November 7, 2018 7.51 pm This story is over 36 months old

Viking Link inquiry left admiring Wolds view

Now objectors await the decision

Organisers and objectors will be left admiring the view of the Lincolnshire Wolds for the next few weeks now that an inquiry into the Viking Link has concluded.

Those for and against the development finished giving evidence on Wednesday, leaving only site visits to take place Thursday before planning inspector John Felgate retires to make his decision on whether part of the cable’s 437-mile route can go through the Wolds.

In a closing statement, David Douglas of Langton Estates said objectors support the need for the project but repeated calls for other route options to be considered and said he felt the cable “will undoubtedly adversely affect the Lincolnshire Wolds.”

He said he believed there would be a long-term negative effect on the economy.

Planning Inspector John Felgate will retire to make his decision following site visits on Thursday.

Parish Councillor Richard Moody reiterated his call for residents to be considered and said two-and-a-half years of construction was a long time for them to “put up with the disturbance”.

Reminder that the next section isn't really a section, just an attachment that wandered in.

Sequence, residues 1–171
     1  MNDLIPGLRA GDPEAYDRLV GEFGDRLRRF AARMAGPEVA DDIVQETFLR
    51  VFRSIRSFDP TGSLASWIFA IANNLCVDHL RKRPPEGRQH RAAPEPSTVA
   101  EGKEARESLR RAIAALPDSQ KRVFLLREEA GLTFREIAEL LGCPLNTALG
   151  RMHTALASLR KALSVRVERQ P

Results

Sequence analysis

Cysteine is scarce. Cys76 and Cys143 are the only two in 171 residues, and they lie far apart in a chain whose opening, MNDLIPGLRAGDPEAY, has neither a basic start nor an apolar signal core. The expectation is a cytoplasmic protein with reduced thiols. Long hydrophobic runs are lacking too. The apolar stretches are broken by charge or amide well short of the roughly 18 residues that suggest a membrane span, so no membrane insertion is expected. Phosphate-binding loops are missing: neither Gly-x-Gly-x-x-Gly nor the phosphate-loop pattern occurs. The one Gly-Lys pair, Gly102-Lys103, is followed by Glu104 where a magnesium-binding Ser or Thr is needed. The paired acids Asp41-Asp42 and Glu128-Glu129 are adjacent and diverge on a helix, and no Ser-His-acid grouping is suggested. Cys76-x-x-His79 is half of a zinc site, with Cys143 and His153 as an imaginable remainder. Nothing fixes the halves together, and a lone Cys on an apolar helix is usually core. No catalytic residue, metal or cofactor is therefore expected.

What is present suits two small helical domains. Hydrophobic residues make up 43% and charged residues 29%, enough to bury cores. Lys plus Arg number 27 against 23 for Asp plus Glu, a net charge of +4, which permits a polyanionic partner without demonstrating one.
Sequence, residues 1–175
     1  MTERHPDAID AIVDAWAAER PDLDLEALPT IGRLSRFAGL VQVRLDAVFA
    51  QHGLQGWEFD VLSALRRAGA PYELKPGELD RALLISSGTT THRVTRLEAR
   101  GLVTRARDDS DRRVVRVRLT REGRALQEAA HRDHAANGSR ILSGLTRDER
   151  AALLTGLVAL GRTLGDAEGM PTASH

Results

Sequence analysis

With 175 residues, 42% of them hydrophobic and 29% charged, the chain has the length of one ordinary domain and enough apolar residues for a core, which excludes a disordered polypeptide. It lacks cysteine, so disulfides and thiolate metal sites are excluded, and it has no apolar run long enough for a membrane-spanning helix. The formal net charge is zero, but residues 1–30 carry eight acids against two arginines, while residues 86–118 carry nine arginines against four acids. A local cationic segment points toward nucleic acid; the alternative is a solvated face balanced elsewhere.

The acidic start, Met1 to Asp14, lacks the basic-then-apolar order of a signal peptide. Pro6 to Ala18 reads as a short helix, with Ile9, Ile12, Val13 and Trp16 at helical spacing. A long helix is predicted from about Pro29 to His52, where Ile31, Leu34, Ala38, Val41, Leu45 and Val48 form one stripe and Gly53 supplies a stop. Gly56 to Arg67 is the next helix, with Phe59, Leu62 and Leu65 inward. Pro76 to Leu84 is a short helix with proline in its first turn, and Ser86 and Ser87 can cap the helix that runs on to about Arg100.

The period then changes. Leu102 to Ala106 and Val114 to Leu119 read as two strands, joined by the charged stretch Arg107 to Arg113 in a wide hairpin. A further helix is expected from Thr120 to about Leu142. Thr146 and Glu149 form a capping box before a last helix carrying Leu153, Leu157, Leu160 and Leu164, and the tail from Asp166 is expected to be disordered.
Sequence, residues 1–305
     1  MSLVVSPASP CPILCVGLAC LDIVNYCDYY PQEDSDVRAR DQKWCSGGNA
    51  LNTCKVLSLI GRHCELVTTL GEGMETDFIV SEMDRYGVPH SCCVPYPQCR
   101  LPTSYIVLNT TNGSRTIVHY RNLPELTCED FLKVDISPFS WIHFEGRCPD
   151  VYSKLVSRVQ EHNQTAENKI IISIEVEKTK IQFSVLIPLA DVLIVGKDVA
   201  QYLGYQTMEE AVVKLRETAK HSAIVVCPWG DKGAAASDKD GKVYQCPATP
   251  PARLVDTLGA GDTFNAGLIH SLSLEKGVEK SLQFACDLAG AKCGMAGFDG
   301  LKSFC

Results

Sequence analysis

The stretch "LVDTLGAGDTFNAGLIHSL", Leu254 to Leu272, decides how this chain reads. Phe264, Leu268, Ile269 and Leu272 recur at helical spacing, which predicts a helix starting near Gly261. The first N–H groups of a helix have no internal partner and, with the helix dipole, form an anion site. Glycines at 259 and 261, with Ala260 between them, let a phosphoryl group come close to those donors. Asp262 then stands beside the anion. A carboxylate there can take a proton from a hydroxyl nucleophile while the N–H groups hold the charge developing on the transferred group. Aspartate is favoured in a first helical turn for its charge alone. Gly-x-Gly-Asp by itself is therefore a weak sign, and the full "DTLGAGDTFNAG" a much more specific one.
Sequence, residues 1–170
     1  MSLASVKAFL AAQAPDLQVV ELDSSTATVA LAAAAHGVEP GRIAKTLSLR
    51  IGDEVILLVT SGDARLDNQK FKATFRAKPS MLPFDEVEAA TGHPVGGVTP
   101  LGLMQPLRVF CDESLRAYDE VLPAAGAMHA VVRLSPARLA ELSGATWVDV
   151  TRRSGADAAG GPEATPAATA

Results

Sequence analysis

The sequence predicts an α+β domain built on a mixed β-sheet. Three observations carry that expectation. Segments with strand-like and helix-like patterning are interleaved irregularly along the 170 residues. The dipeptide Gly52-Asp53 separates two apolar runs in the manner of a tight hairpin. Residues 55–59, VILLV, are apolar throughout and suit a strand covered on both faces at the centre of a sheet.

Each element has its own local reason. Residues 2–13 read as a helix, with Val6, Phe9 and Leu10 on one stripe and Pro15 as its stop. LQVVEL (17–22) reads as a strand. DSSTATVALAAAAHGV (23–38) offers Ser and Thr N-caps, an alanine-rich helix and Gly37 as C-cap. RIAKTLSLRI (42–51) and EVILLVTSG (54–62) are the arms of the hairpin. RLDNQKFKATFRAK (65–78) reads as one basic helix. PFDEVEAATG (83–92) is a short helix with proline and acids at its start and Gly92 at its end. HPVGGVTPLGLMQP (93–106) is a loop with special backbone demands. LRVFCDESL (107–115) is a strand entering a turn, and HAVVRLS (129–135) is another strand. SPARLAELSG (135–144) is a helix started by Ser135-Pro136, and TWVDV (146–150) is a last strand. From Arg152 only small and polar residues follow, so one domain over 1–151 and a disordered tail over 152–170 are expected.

QC Michael Humphries, in support of National Grid Viking Link, handed out a 46 page closing statement, which concluded earlier points that refusing planning permission would “compromise” the UK’s ability to meet its energy needs.

It said refusal would “waste the very extensive efforts that have already been made,” adding that “the reasons for refusal are not well-founded, and none of the issues raised by any third parties could give rise to any alternative basis for refusal.”

It called permission for this part of the cable the “final piece in the puzzle”.

The proposed underground cabling route for the Viking Link project

Planning inspector John Felgate would not be drawn on a date for his decision but said he didn’t have anything else “intervening” and would be “delighting” himself to it over the next few weeks.

The inquiry was opened on Tuesday after East Lindsey District Council initially refused permission for the plans, fearing the impact upon farming and the landscaping.

However, it has since had a change of heart.

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